Edge deletion may also be achieved without the use of the edge mask 66. This may be accomplished through precise placement of the heat, thermal control, and set up of the coating heater 76, such that the coating 44 is precisely thermally shock heated and evaporated.
  • [0048]
    By either edge deletion method, a residue of the electrically conductive coating 44 is formed and may, subsequently, be removed by a coating remover 68, for example, a buffer or a burnishing tool. The coating remover 68 may be required for the IG solar panels 20 (shown in FIGS. 2 a and 2 b) to establish a better surface for sealing in the atmosphere within the space 38. As a result, this process produces a deleted edge 71, as shown in FIG. 4 a.
  • [0049]
    Next, as FIG. 4 a also illustrates, the coated glass sheet 42 is conveyed to a circular inner mask 72 and a circular outer mask 74 where a second area 94 of the coated glass sheet 42 is defined therebetween and where dimensional control of the placement, thickness, tapering, and height of the bus bars 12 is achieved by way of, for example, reducing flame temperature, height and separation of the masks 72 and 74, angle of deposition of the molten metal 64, speed of the conveyor 88, spray width, temperature, and velocity of the molten metal 64.
  • [0050]
    Heating is achieved by a reducing flame 78 that heats the second area 94 in a stoichiometric atmosphere, where oxidation of a molten metal 64 is controlled during bus bar 12 deposition, while not fracturing or de-tempering the coated glass sheet 42. The reducing flame 78 could comprise oxyacetylene or hydrogen. As a result, the second area 94 is taken to a temperature of about 500 degrees Fahrenheit.
  • [0051]
    Subsequently, a metal feeding and heating device 62, which may be supplied by gas one 82, gas two 84, and gas three 86, feeds conductive metal 56, preferably in the form of a wire (note that the metal 56 could be a powder or other form and the device 62 an electric arc or flame spray gun), melts the conductive metal 56, and then propels and impinges particles of the molten metal 64 in a predetermined manner, for example, a uniform manner, onto the second area 94. The metal feeding and heating device 62 preferably comprises a plasma gun, while the three gases 82, 84, and 86 preferably comprise oxygen, air, and acetylene, respectively, and the conductive metal 56 preferably comprises copper.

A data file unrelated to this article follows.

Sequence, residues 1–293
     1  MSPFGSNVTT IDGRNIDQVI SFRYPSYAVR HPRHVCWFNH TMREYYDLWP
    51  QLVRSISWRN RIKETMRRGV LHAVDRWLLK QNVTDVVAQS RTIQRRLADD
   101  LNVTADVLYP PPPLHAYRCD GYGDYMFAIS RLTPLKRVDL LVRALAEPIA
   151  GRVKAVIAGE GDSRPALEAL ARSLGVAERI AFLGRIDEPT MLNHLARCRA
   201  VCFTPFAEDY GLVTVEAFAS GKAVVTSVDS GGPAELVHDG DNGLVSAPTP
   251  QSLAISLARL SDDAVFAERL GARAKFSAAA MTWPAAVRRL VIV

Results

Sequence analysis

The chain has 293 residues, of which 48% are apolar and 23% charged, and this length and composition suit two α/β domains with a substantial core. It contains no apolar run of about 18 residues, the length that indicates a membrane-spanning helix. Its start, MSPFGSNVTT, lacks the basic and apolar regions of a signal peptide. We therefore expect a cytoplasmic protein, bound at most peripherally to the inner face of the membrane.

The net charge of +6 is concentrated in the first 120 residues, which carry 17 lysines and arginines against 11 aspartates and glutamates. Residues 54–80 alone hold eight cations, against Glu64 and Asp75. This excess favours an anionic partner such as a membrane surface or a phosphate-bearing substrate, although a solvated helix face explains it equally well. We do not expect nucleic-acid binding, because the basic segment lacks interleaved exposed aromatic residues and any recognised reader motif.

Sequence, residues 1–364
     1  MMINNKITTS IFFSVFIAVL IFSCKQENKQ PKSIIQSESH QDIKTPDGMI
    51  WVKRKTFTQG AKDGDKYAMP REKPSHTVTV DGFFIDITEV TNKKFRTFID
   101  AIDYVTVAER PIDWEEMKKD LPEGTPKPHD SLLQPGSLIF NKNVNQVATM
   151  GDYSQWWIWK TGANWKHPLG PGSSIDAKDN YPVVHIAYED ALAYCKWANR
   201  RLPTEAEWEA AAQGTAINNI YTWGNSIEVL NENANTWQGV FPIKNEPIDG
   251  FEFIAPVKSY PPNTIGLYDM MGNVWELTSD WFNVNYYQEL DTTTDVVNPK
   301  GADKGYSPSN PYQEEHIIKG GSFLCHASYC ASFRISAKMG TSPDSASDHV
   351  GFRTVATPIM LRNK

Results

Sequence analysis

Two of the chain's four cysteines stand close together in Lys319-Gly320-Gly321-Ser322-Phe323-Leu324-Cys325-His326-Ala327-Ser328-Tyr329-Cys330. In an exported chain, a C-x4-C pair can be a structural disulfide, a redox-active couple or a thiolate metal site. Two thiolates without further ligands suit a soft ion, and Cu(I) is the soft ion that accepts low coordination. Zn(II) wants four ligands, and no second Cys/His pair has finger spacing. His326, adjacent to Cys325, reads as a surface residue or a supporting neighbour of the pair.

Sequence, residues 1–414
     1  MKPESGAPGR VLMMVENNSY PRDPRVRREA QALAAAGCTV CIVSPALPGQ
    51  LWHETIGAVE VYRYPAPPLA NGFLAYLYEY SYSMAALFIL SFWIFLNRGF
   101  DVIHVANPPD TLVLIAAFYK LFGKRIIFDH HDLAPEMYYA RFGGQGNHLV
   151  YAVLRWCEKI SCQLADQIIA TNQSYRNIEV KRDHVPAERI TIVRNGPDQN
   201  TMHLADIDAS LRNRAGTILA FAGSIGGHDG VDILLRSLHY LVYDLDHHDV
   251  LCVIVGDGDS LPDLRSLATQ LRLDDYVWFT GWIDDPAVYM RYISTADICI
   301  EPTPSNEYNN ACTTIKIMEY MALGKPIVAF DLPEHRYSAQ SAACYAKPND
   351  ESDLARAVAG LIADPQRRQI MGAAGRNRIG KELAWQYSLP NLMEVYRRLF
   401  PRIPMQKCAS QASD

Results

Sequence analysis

• [0052]
    Imparting a high velocity to the molten metal particles 64 results in the bus bars 12 being uniformly formed on, and adhering strongly to, the electrically conductive coating 18. The formation of the bus bar 12 occurs, for example, near the glass panel peripheral edges 17, before the laminated glass solar panel 30, as shown in FIG. 3, or the IG solar panels 20 and 20′, as shown in FIGS. 2 a and 2 b, are fully assembled. This results in robust external connectivity, where the bus bars 12 possess good ohmic conductivity themselves and also in relation to the electrically conductive coating 18.
  • [0053]
    Added advantages of the circularly rotating heating head and mask apparatus 50 are that its rotation and size allow for: (1) dissipation of built up heat, (2) the excess molten metal 64 to be scraped, brushed, or blown clean, and (3) accurately depositing the molten metal 64 onto the electrically conductive coating 18 so as to shape the bus bars 12. The shaping of the bus bars 12, if so preferred, may be tapered toward the glass panel peripheral edge 17 and/or tapered on end, as well.
  • [0054]
    Further, the circularly rotating heating head and mask apparatus 50 accurately controls the thickness of the resulting copper bus bars 12. The thicker the bus bars 12; as shown in FIGS. 1 a and 1 b, the higher the electrical current (I) that can be conducted through the bus bars 12. Consequently, the higher the electrical current (I) that can be supplied by the glass solar panels, the greater the power that can be delivered by the electrically conductive glass solar panels 15. Also, the use of copper as the bus bar 12 material is less expensive than silver. However, the present invention may be practiced where silver or other conductive metals comprise the bus bar materials.
  • [0055]